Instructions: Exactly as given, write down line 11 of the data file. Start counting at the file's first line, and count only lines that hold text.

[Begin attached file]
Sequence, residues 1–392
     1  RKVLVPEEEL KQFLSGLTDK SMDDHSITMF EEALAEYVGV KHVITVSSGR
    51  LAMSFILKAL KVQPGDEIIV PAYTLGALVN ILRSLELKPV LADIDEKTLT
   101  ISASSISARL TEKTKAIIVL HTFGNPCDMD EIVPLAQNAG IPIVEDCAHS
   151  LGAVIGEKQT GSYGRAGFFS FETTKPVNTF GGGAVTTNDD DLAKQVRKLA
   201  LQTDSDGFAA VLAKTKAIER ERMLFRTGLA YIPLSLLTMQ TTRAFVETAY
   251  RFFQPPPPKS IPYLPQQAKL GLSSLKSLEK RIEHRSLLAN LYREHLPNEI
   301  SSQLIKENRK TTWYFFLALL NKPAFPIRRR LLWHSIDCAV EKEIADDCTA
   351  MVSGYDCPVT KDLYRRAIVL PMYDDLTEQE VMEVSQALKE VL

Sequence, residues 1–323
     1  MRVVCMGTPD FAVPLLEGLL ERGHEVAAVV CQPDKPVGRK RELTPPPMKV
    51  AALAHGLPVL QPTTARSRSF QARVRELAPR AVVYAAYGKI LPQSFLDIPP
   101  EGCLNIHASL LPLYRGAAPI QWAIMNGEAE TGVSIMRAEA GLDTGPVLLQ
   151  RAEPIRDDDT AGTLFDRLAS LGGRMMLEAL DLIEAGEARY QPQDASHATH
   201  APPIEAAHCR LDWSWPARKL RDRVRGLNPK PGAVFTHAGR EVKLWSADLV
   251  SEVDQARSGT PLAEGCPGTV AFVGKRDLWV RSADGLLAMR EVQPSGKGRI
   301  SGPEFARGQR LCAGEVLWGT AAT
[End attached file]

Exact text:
     1  MRVVCMGTPD FAVPLLEGLL ERGHEVAAVV CQPDKPVGRK RELTPPPMKV